• supporting creativity in the classroom and beyond •

• supporting creativity in the classroom and beyond •

Saturday, June 2, 2012

flowers and landscapes inspired by georgia o'keefe

Last week of school.... subbing in a friend's third grade classroom... I want to do some art but not a real formal lesson.... so I decide to show some flowers and landscapes by American artist Georgia O'Keefe and then basically let the students choose which they want to do.

They were pretty intrigued by O'Keefe's work, which precipitated several comments. I followed up the O'Keefe examples with several close-up photos of flowers and several photos of various landscapes, then did a quick demonstration of drawing a quick, light pencil sketch of a landscape and another of a close-up flower. For the landscape, I pointed out how there were several "layers" of mountains, and that trees in the foreground would be larger than trees in the background. That was pretty much it for the lesson. I then transferred one of the sketches to *real* watercolor paper, traced over the pencil lines with crayon, then used a wet-on-wet watercolor technique, focusing on letting colors blend.

I asked students to do two preliminary sketches, one a flower and one a landscape. For these I gave them each one 12x18 sheet of drawing paper. Folded in half, it gave them two "real size" clean surfaces on which to draw the sketches. I gave each student some feedback on each drawing, then asked them to choose which one they wanted to do. Once that was decided, they got a sheet of 9x12 watercolor paper and went to work.

As they worked, I made some suggestions here and there, occasionally spraying their papers with a spritzer water bottle to make them wetter if they were not using enough water (typical for some). Since it was a very hot day (101 in the shade!) a few got spritzed on the head, too.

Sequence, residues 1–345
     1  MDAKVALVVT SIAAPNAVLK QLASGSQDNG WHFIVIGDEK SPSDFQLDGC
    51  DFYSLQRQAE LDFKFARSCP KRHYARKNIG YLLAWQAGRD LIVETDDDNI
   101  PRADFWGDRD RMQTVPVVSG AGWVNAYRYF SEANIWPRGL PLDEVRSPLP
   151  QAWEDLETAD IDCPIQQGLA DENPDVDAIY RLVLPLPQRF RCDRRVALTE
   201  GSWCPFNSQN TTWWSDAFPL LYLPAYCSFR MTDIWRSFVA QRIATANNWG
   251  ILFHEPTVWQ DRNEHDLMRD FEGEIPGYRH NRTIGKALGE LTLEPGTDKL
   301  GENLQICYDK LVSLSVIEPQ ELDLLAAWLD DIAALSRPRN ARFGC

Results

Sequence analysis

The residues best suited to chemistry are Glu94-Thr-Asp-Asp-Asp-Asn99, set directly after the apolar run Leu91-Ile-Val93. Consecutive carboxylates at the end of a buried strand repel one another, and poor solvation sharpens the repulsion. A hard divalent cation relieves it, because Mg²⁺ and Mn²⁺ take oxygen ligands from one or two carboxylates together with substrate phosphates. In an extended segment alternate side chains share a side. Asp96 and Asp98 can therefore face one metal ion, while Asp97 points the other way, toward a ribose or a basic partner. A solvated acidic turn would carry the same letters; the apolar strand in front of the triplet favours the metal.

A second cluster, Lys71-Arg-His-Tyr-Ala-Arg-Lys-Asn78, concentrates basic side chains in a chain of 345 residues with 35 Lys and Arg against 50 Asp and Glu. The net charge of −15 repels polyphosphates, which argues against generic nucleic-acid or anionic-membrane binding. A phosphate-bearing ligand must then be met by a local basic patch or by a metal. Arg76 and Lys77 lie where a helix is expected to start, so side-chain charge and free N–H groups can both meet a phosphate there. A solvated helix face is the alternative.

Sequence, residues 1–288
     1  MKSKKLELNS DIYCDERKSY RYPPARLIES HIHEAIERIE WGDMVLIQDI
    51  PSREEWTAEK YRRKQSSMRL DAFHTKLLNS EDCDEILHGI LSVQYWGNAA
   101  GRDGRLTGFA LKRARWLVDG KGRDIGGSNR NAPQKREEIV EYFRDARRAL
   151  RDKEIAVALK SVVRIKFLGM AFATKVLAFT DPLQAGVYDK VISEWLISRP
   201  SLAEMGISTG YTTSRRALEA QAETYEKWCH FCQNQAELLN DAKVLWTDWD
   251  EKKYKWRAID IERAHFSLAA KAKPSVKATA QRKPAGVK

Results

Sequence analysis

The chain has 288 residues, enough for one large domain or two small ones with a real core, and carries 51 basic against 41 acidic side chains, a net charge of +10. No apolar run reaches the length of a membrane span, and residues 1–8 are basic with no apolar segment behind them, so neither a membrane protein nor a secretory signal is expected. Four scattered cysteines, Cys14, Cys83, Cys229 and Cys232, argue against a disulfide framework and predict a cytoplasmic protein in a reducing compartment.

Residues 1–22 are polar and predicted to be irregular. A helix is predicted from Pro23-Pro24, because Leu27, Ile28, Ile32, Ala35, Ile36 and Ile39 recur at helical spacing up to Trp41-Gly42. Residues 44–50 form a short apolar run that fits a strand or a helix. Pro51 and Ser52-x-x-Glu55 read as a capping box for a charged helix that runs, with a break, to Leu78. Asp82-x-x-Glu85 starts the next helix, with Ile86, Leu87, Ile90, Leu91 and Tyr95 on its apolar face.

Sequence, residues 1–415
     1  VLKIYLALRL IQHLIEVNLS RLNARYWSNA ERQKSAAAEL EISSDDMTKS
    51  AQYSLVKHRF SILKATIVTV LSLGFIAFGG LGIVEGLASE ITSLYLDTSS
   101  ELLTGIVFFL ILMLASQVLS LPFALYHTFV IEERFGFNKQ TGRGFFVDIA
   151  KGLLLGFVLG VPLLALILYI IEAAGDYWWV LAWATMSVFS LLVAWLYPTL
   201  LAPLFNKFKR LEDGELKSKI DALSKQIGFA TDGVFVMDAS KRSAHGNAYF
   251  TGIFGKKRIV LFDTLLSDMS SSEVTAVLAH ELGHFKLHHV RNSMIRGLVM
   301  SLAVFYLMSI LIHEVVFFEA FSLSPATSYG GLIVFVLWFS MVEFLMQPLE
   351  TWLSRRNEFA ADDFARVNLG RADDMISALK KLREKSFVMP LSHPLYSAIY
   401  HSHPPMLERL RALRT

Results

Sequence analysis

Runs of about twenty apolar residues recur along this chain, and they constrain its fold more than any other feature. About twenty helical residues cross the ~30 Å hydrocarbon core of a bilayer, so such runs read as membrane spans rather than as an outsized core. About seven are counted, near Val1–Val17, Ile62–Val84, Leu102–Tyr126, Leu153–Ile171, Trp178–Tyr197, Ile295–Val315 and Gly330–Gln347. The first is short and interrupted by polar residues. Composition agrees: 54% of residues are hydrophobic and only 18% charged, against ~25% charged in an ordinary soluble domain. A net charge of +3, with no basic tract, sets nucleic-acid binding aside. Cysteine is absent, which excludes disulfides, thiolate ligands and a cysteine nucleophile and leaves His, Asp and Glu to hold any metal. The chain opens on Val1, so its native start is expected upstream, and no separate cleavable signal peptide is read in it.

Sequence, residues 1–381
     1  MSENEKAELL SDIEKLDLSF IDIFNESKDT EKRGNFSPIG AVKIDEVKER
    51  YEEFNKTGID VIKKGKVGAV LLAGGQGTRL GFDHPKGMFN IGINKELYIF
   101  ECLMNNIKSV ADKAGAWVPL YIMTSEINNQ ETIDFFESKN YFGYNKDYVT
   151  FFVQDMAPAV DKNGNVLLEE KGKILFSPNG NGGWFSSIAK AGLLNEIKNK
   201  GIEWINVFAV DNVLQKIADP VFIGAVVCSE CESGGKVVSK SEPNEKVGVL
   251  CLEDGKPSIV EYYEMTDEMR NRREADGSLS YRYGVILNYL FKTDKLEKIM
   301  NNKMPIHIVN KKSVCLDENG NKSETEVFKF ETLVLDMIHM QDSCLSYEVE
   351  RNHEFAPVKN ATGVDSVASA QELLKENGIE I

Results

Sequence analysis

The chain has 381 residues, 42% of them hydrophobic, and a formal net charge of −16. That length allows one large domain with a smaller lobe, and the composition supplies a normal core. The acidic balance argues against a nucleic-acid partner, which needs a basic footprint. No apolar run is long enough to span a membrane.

The whole lesson, from showing the art and photos to finished student products took about two hours. There were no behavior issues during this time, as all students were pretty much engaged right from the beginning.

The results are generally pretty good, although I learned some things which I should know by now. For one, I really need to make a hard and fast rule not to mix orange and violet, since my subtle suggestions ("You really might want to not mix the orange and the violet together") often go largely ignored. Thus, there are a few muddy results, but overall I think they would make a good display. I was happy that landscapes to flower ratio was pretty much 1:1. What was a little disconcerting was that *most* of the flowers were shaped exactly like my example sketch. Note to myself:  Do several models, not just one.




.


5 comments:

neansai said...

So fortunate that they are receiving such good art lessons!

Renee said...

Thanks Nancy. This wasn't one of my greatest lessons, but I did want to give them a little context, inspiration, and a few ideas. They did pretty well, considering. :-)

Anonymous said...

It can often be discerning when they "copy" your model, but over the years I have come to realize this is where some of them are in their learning. Think about what experiences they have had. It is usually so new to them they are sort of lost and they feel comfortable doing what the teacher did -just as children emulate others as they learn and grow. If they finish "early" I'll often ask them to do another "different" one.
Jan

Renee said...

Thanks Jan. You are exactly right, so I don't get too wierded out when they copy me, but I do suggest that they change a shape, or move something to the other side, add another something, etc. And I also take my models away after I show them, so at least they have to rely on their memories rather than truly copy.

The Peanut Gallery said...

I am so glad I found your blog! I love it!